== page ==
Lightknight

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Nov 26, 2008
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Knight Captain Kerr said:
Fallout 4 is such an open secret anyway. Everyone knows they're making a Fallout 4. I'm almost certain it won't be better than New Vegas but I am hopeful that it will be better than 3.

I wouldn't mind a Dishonoured 2 from Arkane.

Grumman said:
Fingers crossed for Fallout 4 with drivable vehicles. I want to go on a postapocalyptic road trip - just me, a couple of companions and a trunk full of loot.
You should play Fallout 2. If they do bring back the Chryslus Highwayman they better include the theme.
That recommendation should also always come with the preface that you also hate your eyes and their ability to distinguish good graphics from ancient graphics. The pre-FO3 titles did not age well. Not well at all. I do wonder what I'd think if someone released an updated graphics version of it. But going back was nigh childhood-ruining for me when I simply couldn't enjoy it. And I'm not even a graphiophile so it shouldn't have struck me that badly.
 

CaitSeith

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E3 big announcement: Fallout and Elder Scrolls for Wii U! *Greetings from Bizarro World*
 

Upbeat Zombie

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If they don't announce Fallout 4, I might just breakdown from anticipation.

Also I've heard they might be using a new engine for this game. Which means it will hopefully have less bugs. But at the same time that game engine had a certain wonky charm to it that i might miss.
 

Voulan

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Mike Richards said:
Fallout 4 would be amazing and all, but, well...

'The Elder Scrolls VI: Black Marsh' just has such a damn nice ring to it, you know?
I'd be excited for news about either franchises.

Although maybe 'The Elder Scrolls VI: Elsweyr' would be preferable.
 

Grumman

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Knight Captain Kerr said:
Grumman said:
Fingers crossed for Fallout 4 with drivable vehicles. I want to go on a postapocalyptic road trip - just me, a couple of companions and a trunk full of loot.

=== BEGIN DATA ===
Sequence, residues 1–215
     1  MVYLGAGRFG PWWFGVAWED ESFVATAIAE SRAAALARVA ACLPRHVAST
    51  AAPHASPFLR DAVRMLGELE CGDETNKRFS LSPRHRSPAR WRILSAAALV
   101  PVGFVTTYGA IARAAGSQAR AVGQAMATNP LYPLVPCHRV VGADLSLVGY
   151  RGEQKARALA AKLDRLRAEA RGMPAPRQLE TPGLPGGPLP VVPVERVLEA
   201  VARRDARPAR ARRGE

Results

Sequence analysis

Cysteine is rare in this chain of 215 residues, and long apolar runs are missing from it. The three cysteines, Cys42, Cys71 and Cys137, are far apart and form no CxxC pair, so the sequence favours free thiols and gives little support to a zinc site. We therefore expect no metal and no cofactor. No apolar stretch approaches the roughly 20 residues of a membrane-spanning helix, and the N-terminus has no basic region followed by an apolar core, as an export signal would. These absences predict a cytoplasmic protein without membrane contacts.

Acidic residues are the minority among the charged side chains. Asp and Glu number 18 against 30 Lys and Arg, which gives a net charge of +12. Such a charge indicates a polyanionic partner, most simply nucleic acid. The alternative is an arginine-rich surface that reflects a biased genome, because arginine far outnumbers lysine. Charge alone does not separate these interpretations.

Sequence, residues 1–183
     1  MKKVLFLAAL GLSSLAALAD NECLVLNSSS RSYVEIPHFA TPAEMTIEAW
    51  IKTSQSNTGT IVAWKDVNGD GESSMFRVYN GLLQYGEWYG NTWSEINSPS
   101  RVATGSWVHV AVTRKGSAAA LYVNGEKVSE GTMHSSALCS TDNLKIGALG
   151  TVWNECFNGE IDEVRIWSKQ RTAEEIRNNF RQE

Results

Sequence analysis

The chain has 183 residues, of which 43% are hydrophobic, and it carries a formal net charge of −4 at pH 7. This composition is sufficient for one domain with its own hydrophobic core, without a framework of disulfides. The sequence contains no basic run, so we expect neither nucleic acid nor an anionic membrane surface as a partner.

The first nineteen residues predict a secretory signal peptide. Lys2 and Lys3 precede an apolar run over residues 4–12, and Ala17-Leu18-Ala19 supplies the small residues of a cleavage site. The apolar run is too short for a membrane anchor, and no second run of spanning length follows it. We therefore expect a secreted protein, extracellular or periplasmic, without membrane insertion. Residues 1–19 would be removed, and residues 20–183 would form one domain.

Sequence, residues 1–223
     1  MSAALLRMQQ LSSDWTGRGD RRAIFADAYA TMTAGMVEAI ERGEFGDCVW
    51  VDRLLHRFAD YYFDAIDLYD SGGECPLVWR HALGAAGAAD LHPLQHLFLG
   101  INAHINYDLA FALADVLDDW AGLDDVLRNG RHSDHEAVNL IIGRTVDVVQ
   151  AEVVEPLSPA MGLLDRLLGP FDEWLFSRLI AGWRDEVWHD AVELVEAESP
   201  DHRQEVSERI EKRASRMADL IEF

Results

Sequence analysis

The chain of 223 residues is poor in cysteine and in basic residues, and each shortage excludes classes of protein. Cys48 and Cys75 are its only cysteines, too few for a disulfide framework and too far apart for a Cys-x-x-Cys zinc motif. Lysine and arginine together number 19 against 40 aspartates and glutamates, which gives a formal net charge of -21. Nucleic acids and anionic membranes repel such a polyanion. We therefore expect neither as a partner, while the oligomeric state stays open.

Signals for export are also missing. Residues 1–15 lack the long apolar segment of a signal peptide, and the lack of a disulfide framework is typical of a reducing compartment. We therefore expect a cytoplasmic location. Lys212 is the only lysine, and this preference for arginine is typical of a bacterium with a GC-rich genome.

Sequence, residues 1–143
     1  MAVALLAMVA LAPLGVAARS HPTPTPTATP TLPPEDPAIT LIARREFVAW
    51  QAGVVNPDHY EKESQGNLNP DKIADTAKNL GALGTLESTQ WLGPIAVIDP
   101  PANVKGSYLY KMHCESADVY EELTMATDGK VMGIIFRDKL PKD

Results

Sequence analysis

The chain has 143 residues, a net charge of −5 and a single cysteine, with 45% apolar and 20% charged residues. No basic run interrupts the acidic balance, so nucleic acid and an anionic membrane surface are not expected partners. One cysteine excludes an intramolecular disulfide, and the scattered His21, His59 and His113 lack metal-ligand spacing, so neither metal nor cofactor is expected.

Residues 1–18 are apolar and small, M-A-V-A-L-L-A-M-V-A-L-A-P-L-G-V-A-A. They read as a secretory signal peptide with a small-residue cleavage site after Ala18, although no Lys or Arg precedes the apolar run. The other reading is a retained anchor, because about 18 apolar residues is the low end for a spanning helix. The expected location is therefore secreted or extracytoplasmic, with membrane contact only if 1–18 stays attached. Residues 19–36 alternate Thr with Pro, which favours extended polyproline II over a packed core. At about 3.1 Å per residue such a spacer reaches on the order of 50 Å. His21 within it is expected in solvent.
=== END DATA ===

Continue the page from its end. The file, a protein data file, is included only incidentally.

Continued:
You should play Fallout 2. If they do bring back the Chryslus Highwayman they better include the theme.
What I want is such a vehicle in a Bethesda-style sandbox, not specifically in the Fallout setting.
 

Uhuru N'Uru

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Silva said:
I'm seeing all these fans getting their hopes up for Fallout 4, and yet my gut feeling is that Bethesda has jumped on the MMO boat so hard that they'll just announce more content for Elder Scrolls Online, unaware how this will just create a huge backlash of disappointment. I could not care less about that MMO than I already do.

Prove that gut feeling wrong, Bethesda.
You must just have gut ache.
You got to hand it to "Zenimax Media" the real Publisher, calling their Pretend Publisher "Bethesda Softworks", when the Developer is called "Bethesda Game Studios" and already a Fan Boy god, was genius. When the Publisher screws up the dev fans defend it to the death.
To make it even more a sure thing they create a separate dev, "Zenimax Online" in case the MMO flops, it has.
SO ZM Is the Publisher and BGS are single player developers, BGS have only made 3 games this century,Morrowind was released 2001, so started last ceturty:
Started 2002 - The Elder Scrolls IV: Oblivion - Released: 20th March 2006
Started 2006-7 - Fallout 3 - Released: 28th October 2008
Started 2009 - The Elder Scrolls V: Skyrim - Released: 11th November 2011
So
Started 20013 - Fallout 4 - Released: Earliest November 2015 - Likely 2016

BGS only make single player, open world RPG's it's now Fallout's turn, like it or not that's all they can be making, no other studio is involved, not Obsidion or anyone else

Barbas said:
Vault101 said:
News of the wasteland, please. Kthxbai.

VanQ said:
I'd rather they announce that they're bringing on the TESR team working on Skywind as full time employees to create all future Elder Scrolls games. That team has talent. But alas, I know that would never happen.
If they hired the guy who made Falskaar, they won't be overlooking the Skywinders.
Well they need to make Skywind first, that's more important.
As for Falskaar author Alexander J Velicky, he wasn't hired by Bethesda at all, it was Bungie that gave him a job.